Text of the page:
How can our country engage more women, girls, and other underrepresented groups in STEM?

I believe this needs a two-fold approach:

  1. Encouraging individuals to go in a STEM direction. I think starting early is the first step. We need to make sure that girls in elementary, middle, and high school have role models to look up to or at the very least are made aware that STEM is a rewarding career field for women. It is important to highlight role models for younger girls, so they can imagine themselves being in a STEM field. When they reach middle and high school ages, having a mentor who encourages and affirms that girls are very much capable of pursuing the career they imagined themselves pursing, will dissolve mental barriers and open new possibilities.
  2.  Shaping organizational culture to foster diversity and inclusion. Workplace inclusivity is a key aspect for recruiting and retaining individuals from the next generation of women and underrepresented groups. It is very affirming for an individual to know that their contributions are valued, and they are wholeheartedly welcomed to be part of the STEM community. Development of programs to facilitate mentorship and support groups to have honest conversations about the hurdles faced by women and other underrepresented groups, can help foster such culture further.

Do you have tips you'd recommend for someone looking to enter your field of work?

The transformation that the energy industry is going through is both exciting and challenging. If you are looking to enter a STEM field, you presumably love solving problems and overcoming challenges. Having a “growth mindset,” is, therefore, arguably the most productive way to carve a career in a STEM field. As Einstein put it eloquently, “We cannot solve our problems with the same thinking we used when we created them”. So, develop a growth mindset, which means enjoy challenges, savor effort, and love learning. Seek exposure to real-world experiences and lab-work as early as possible in your career through internships, networking, etc. This gives you a peek into what is that you are going to be doing when you complete your studies. Another tip I highly recommended: learn at least one programming language. No matter what sub-field in STEM you choose to work on - if you are a researcher, scientist, or engineer - you will need to instruct computers to do computational tasks for you. Knowing the language that computers understand (i.e. programming language) is incredibly helpful and empowers you to tackle technical conundrums with machines on your side assisting you with complex simulations and optimizations.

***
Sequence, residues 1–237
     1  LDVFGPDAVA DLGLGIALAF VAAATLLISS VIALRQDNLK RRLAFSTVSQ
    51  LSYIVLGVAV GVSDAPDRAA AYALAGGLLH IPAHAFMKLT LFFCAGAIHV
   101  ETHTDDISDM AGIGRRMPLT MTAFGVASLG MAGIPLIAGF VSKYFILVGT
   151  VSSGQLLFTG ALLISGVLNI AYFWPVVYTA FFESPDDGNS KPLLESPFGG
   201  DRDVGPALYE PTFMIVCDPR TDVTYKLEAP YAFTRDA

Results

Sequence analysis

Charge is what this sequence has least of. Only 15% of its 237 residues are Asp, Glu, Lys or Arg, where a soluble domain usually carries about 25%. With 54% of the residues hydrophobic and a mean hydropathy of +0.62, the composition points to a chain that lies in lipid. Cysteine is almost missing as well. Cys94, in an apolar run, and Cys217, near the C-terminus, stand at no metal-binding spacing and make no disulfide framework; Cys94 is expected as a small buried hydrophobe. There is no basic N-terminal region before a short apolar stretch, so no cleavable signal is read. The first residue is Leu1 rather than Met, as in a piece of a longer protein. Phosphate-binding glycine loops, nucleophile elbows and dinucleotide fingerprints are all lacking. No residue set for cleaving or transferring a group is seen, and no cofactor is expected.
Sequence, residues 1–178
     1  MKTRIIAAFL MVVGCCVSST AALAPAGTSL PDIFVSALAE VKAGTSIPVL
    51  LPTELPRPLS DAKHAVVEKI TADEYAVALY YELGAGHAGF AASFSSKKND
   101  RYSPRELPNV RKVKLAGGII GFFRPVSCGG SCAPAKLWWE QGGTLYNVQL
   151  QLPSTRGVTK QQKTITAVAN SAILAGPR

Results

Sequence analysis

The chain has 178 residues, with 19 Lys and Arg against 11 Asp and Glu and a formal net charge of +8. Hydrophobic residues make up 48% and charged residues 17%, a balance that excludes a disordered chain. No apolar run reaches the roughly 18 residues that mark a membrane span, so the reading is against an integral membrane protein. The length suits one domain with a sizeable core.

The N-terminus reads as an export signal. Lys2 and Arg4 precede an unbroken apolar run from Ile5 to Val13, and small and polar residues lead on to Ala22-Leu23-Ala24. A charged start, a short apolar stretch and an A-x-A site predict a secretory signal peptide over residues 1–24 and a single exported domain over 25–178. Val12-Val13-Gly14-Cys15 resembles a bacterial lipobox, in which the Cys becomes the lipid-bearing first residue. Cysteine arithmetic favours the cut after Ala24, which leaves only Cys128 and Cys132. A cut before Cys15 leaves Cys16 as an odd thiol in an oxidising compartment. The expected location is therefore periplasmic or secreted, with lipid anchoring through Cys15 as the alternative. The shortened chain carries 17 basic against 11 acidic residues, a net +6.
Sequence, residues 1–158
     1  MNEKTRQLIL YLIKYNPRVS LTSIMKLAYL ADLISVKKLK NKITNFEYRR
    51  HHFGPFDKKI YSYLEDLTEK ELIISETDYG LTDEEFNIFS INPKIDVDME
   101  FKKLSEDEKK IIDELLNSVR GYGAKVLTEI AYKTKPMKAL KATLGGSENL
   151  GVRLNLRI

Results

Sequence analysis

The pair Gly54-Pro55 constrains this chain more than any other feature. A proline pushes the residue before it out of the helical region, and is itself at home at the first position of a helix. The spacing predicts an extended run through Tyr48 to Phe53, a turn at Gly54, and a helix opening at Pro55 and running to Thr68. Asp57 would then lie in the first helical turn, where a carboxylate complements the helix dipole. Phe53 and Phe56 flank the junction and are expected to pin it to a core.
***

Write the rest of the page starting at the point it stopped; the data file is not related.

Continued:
But, most importantly, believe in yourself. Don’t let other’s perceptions of you decide what you are and are not capable of doing. Don’t give up.

When you have free time, what are your hobbies?

I enjoy dancing, kayaking, yoga, and baking in my free time.

 

Learn more about our programs & resources for women and girls in STEM at http://www.energy.gov/women